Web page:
For local firefighters, the dry vegetation in the Angeles National Forest is already causing concern.
"If you look around the grass and the fine fuels, after the last wind event about three weeks ago, that changed green to brown within days, and we're getting small working fires, maybe up to 5 to 10 acres, almost every day," said L.A. County Fire Assistant Chief Dean McGuire.
Officials say early indications are conditions are going to get worse.
"We're seeing fuel moisture levels that we normally see in June, we're seeing now in late April early May," said Nathan Judy, an Angeles National Forest official.
Officials are taking steps to try and prevent huge brushfires, like the Station Fire that caused massive damage a few years ago. The Angeles National Forest has raised the fire danger level from moderate to high.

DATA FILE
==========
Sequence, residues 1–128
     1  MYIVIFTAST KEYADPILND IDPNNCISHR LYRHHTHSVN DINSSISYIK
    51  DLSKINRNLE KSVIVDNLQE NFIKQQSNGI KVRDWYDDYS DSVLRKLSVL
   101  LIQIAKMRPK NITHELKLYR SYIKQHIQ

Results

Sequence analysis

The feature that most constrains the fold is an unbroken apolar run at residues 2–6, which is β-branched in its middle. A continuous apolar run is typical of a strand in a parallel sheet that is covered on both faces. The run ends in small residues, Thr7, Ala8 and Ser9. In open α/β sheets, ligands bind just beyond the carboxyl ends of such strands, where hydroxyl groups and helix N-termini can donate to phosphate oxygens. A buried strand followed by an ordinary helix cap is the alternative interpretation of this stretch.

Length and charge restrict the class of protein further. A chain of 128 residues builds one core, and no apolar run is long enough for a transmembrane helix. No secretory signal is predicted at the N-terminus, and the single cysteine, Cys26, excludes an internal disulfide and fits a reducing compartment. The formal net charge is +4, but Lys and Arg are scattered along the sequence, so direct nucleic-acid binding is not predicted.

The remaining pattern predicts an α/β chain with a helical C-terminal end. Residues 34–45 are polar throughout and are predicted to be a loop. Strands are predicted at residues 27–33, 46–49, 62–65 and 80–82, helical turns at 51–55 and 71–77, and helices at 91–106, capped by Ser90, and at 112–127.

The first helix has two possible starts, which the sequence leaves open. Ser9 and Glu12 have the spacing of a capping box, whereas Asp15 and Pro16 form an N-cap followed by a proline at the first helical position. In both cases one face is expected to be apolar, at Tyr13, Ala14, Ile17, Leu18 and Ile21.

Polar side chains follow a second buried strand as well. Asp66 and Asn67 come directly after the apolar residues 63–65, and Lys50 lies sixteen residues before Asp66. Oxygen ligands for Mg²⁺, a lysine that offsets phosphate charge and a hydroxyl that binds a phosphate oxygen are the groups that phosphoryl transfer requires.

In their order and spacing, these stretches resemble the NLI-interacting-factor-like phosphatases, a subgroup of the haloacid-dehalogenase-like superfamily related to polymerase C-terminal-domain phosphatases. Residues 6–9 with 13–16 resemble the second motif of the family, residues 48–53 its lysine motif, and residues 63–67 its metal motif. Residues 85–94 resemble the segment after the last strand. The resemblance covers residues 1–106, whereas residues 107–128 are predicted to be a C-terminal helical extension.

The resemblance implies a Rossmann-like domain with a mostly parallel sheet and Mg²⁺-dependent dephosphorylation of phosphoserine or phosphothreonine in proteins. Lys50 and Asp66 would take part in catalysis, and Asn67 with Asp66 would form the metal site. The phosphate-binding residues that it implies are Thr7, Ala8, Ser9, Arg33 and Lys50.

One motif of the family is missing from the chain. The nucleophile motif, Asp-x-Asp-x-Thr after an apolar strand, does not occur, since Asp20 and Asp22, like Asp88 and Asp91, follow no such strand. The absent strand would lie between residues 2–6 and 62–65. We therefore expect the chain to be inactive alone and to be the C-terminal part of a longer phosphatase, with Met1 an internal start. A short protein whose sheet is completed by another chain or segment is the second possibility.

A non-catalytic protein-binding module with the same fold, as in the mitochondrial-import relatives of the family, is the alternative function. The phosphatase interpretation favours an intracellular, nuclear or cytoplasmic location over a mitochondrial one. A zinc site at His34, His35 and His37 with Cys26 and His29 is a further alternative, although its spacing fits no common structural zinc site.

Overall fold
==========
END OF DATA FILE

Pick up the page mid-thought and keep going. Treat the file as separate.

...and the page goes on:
"As we get into the season and its drier and drier, and then warmer and warmer, we're going to have a lot more productivity in fires," said McGuire.
Forest visitors will still be allowed to have open wood and charcoal fires in approved campground areas but officials want everyone to be aware of the danger.
"You don't park on top of dry grass, you don't throw your cigarette butt out of the windows, you don't leave your campfire unattended. Anything to do with fire, you want to make sure that you're very careful with right now, this time of season and into the summer," said Judy.
Officials are also reminding home owners of the importance of brush clearance around property.